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WND Exclusive
Hidden dangers
in 'Terminator' seeds?

Expert warns of unintended
biological ramifications

By Jon E. Dougherty
© 1999

A biology expert in Indiana says neither the companies nor the U.S. Agriculture Department which patented "Terminator" seed technology have adequately considered all the possible ramifications which could result in unintended crop damage if the seeds are widely used.

Martha L. Crouch, associate professor of biology at the University of Indiana, voiced her concerns recently in an exhaustive policy paper entitled, "How the Terminator Terminates: An Explanation for the Non-Scientist of a Remarkable Patent for Killing Second Generation Seeds of Crop Plants."

"Clearly, one cannot determine ahead of time all possible biological ramifications of implementing the (Terminator) patent," but "potential problems have already been noted," she said.

The paper seeks to explain the process by which Terminator seeds work, how they may be applied to modern farming, and what is known so far about the process. But, she warns, more study is needed before full implementation of the patent takes place.

For example, Crouch is concerned that the Terminator may inadvertently be spread to other neighboring plants, either by cross-pollination from insects or by wind currents. If that were to happen, she said, "It is likely that Terminator will kill the seeds of neighboring plants of the same species, under certain conditions."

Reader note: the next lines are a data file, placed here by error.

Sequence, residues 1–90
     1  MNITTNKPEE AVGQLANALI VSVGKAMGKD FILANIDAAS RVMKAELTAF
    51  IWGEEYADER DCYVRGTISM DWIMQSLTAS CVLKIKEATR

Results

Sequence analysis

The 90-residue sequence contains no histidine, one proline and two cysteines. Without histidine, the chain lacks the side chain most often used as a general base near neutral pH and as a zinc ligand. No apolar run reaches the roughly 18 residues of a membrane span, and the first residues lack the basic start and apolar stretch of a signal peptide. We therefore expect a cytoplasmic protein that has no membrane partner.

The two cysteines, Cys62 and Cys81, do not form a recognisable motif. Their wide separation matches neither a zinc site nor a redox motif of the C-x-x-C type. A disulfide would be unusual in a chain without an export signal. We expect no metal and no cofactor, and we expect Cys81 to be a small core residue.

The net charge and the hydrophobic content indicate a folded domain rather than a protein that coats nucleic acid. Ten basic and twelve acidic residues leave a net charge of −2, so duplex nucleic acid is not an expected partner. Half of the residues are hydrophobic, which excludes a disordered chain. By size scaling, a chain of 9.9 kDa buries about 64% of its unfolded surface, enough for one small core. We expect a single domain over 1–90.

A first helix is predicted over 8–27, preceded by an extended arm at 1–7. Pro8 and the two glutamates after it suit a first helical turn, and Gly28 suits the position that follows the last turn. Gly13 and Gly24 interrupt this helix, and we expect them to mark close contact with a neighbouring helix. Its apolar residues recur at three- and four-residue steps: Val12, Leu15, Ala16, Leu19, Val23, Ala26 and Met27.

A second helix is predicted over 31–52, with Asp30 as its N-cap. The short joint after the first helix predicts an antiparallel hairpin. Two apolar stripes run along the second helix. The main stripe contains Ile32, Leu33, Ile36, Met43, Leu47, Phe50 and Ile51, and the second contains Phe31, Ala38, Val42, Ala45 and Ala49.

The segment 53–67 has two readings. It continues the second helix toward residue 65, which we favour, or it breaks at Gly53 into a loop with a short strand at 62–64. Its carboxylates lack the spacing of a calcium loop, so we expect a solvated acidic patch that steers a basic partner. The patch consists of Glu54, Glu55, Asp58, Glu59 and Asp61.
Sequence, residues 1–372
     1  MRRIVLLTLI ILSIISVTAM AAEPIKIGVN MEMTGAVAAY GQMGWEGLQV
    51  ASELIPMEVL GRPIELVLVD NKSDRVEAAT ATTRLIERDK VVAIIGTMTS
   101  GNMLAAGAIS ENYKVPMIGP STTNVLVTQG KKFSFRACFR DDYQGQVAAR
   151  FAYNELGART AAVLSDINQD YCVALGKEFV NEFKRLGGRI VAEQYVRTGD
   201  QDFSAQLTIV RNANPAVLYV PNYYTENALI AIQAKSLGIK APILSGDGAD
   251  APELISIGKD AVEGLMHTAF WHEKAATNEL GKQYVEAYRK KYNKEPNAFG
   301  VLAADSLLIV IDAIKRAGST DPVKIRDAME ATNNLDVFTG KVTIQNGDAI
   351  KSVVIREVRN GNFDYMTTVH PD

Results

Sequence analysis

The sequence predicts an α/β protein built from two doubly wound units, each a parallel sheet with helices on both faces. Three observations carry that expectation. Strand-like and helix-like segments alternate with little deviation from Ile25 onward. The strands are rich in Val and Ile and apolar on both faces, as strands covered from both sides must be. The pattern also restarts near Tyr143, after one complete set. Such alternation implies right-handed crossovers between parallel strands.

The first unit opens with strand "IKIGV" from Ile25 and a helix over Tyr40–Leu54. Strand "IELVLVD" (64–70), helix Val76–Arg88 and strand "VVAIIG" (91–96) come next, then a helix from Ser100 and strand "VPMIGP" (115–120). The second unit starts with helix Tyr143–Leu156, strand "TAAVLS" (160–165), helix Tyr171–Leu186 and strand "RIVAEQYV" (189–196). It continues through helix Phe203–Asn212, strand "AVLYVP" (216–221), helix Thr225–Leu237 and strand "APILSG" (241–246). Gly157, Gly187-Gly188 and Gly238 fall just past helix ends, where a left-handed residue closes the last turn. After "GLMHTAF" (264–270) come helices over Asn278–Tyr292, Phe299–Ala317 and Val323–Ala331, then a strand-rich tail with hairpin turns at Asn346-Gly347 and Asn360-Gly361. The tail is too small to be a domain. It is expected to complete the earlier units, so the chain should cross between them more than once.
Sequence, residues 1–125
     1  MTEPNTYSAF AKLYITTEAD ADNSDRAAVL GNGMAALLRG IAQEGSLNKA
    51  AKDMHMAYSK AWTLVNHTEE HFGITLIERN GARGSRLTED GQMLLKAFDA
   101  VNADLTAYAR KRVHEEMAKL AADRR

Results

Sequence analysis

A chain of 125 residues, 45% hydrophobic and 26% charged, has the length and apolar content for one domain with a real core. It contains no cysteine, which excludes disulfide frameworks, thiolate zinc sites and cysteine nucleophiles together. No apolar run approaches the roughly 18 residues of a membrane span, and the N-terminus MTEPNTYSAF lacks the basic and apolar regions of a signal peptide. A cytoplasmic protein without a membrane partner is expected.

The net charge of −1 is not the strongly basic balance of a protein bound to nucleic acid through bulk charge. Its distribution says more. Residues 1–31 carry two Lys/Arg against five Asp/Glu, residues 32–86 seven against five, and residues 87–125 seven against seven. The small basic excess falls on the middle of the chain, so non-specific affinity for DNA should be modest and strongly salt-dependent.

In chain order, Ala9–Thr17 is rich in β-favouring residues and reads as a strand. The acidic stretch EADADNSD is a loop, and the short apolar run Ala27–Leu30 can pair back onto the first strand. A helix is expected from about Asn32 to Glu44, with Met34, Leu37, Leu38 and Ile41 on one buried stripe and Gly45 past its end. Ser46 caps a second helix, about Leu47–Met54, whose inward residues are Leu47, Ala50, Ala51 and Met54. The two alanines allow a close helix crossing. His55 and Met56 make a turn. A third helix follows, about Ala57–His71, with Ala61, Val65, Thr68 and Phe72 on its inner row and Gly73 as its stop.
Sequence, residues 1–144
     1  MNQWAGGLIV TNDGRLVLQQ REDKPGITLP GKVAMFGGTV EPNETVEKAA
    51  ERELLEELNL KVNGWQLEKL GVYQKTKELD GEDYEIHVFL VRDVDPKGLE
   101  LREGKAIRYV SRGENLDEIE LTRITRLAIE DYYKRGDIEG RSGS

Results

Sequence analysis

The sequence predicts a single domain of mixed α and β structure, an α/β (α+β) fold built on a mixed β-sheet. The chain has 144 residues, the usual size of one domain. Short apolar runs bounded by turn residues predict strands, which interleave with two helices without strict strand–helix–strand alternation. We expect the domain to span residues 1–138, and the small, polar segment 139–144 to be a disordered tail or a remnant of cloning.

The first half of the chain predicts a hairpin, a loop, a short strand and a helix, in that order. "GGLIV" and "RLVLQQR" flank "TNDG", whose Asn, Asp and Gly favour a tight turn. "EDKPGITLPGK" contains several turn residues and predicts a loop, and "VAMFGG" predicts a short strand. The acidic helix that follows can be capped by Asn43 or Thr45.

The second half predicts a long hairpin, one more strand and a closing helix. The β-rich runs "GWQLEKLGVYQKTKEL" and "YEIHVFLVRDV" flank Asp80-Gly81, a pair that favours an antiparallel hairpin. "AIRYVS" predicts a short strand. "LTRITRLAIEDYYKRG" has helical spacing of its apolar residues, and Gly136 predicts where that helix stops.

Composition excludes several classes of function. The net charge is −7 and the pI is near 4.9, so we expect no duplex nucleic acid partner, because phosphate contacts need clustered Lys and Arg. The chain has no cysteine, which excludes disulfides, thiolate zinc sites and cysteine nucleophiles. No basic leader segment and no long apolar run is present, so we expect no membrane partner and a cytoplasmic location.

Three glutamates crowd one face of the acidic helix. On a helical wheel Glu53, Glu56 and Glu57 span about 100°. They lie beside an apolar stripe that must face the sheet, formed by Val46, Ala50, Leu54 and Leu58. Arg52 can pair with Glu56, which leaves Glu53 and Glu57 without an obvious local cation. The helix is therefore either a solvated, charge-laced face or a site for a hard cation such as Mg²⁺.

"In most cases," she writes, "the toxin gene will not be passed on any further" than the first generation of neighboring crops and plants, "because dead plants don't reproduce. However ... it is possible for the toxin gene to be inherited."

She said that dead seeds, where they do occur, "would be a serious problem for the farmer whose fields are close to the Terminator crop" because of a number of varying factors for which there is no conclusive data. "How many seeds die will depend on the degree of cross-pollination, and that is influenced by the species of plant, the variety of crop, weather conditions, how close the fields are to each other, and so on," she wrote.

Furthermore, Crouch wrote, if too many seeds die, it would make the practice of saving seed impractical for the adjacent farmer. Though she admitted she is not certain of the intentions of the USDA and the seed companies, she concedes that it's possible one goal of the Terminator technology is to prevent farmers from being able to reuse seed year after year.

Crouch explained that companies like Monsanto, who invest heavily in biotechnology and are finally beginning to show a profit for their efforts, are aggressively protecting their patented seeds. Right now companies are asking farmers to voluntarily comply with pleas not to reuse seed, but with the Terminator technology, "In the future, companies and government breeders...may not have to ask for such compliance. If the procedure outlined in (the) recent (Terminator seed) patent comes to fruition and is widely used, plant variety protection will be biologically built into the plants themselves."